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Annals of Surgical Oncology

, Volume 25, Issue 12, pp 3556–3562 | Cite as

Utility of Expedited Hereditary Cancer Testing in the Surgical Management of Patients with a New Breast Cancer Diagnosis

  • Kristin A. Theobald
  • Lisa R. Susswein
  • Megan L. Marshall
  • Maegan E. Roberts
  • Jessica L. Mester
  • Darrow Speyer
  • Ravin N. W. Williams
  • Sara C. Knapke
  • Sheila R. Solomon
  • Patricia D. Murphy
  • Rachel T. Klein
  • Kathleen S. Hruska
  • Benjamin D. Solomon
Breast Oncology

Abstract

Background

Knowledge of a germline pathogenic/likely pathogenic variant (PV) may inform breast cancer management. BRCA1/2 PV often impact surgical decisions, but data for multi-gene panel testing are lacking. Expedited genetic testing reduces turn-around times based on request for treatment-related decision making. This report aims to describe the clinical utility of expedited multi-gene panel testing for patients with newly diagnosed breast cancer.

Methods

Clinical and demographic information were reviewed for patients with newly diagnosed female breast cancer undergoing expedited panel testing between 2013 and 2017. The National Comprehensive Cancer Network guidelines (NCCN, version 1.2018) were evaluated in terms of published management recommendations for the genes in which PVs were identified.

Results

The overall PV yield was 9.5% (678/7127) for women undergoing expedited panel testing, with 700 PVs identified among 678 women. PVs were identified in genes other than BRCA1/2 in 55.9% (391/700) of cases. The NCCN guidelines recommend management for the genes in which 96.6% (676/700) of PVs are identified. The NCCN guidelines also recommend risk-reducing mastectomy for 46.0% (322/700) of PVs identified. An additional 45.6% (319/700) of PVs were identified in genes for which NCCN recommends mastectomy based on family history. In addition, 49.9% (349/700) of PVs were in genes with NCCN guidelines recommending prophylactic surgery for tissues other than breast.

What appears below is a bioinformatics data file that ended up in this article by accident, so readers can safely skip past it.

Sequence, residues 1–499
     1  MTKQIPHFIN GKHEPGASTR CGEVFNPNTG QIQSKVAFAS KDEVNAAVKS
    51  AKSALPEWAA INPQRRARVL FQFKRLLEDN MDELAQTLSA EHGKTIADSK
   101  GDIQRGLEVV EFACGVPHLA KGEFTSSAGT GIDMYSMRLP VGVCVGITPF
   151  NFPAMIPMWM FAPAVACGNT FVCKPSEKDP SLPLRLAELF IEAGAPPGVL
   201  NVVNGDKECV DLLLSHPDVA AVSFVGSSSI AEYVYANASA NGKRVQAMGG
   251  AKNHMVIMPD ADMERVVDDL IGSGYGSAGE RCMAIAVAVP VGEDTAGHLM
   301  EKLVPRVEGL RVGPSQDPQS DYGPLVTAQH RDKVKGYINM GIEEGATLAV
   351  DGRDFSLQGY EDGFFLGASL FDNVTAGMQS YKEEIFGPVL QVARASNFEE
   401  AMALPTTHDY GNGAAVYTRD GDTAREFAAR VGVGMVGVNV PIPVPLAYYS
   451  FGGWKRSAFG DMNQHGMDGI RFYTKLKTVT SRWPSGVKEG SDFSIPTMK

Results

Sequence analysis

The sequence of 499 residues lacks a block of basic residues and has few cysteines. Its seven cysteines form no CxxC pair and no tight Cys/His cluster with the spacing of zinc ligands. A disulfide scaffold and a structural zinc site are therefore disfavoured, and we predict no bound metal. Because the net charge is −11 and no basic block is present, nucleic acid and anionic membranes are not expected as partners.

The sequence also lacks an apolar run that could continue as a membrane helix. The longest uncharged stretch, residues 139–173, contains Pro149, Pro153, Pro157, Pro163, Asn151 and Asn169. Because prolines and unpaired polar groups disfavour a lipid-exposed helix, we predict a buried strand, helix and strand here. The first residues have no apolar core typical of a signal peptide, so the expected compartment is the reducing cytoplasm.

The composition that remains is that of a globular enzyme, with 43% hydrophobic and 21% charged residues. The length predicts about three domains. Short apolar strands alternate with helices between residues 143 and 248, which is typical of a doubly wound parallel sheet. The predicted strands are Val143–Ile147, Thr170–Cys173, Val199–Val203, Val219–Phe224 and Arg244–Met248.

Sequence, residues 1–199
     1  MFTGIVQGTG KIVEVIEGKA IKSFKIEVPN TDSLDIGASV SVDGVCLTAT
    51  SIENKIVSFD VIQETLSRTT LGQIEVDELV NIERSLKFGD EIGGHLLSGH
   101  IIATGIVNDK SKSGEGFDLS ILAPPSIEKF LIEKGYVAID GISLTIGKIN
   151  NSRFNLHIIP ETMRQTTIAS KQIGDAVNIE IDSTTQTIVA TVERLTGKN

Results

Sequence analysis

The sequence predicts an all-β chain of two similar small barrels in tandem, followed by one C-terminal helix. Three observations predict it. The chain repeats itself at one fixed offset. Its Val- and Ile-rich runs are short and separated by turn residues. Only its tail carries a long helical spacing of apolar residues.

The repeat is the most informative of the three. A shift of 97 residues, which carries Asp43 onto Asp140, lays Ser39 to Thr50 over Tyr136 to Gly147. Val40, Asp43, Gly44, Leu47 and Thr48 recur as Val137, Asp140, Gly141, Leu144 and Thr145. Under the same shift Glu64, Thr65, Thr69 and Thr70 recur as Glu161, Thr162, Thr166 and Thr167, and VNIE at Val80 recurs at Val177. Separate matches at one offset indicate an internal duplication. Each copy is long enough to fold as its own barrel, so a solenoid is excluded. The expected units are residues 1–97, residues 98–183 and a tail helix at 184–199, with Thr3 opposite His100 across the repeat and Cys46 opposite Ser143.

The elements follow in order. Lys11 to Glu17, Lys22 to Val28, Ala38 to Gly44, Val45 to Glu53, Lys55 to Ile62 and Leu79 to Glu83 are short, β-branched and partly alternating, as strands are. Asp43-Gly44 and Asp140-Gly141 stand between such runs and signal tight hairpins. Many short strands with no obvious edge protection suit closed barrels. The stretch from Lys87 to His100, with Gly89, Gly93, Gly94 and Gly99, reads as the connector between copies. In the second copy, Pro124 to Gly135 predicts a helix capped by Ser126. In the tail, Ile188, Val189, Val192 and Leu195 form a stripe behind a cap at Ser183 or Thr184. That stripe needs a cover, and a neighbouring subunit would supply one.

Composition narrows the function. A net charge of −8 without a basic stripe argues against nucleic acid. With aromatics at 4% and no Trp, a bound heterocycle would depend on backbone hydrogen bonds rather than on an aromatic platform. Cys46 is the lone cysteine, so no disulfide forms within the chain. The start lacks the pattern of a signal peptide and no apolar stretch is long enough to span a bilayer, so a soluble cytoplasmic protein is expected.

Conclusion

A majority of the patients with newly diagnosed breast cancer were candidates for surgical intervention according to the NCCN guidelines, and half of these patients would have been missed if only BRCA1/2 testing had been ordered. Expedited multi-gene hereditary cancer panel testing should be considered as a first-line approach to provide comprehensive information for breast cancer management.

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Copyright information

© Society of Surgical Oncology 2018

Authors and Affiliations

  • Kristin A. Theobald
    • 1
  • Lisa R. Susswein
    • 1
  • Megan L. Marshall
    • 1
  • Maegan E. Roberts
    • 1
  • Jessica L. Mester
    • 1
  • Darrow Speyer
    • 1
  • Ravin N. W. Williams
    • 1
  • Sara C. Knapke
    • 1
  • Sheila R. Solomon
    • 1
  • Patricia D. Murphy
    • 1
  • Rachel T. Klein
    • 1
  • Kathleen S. Hruska
    • 1
  • Benjamin D. Solomon
    • 1
  1. 1.GeneDxGaithersburgUSA

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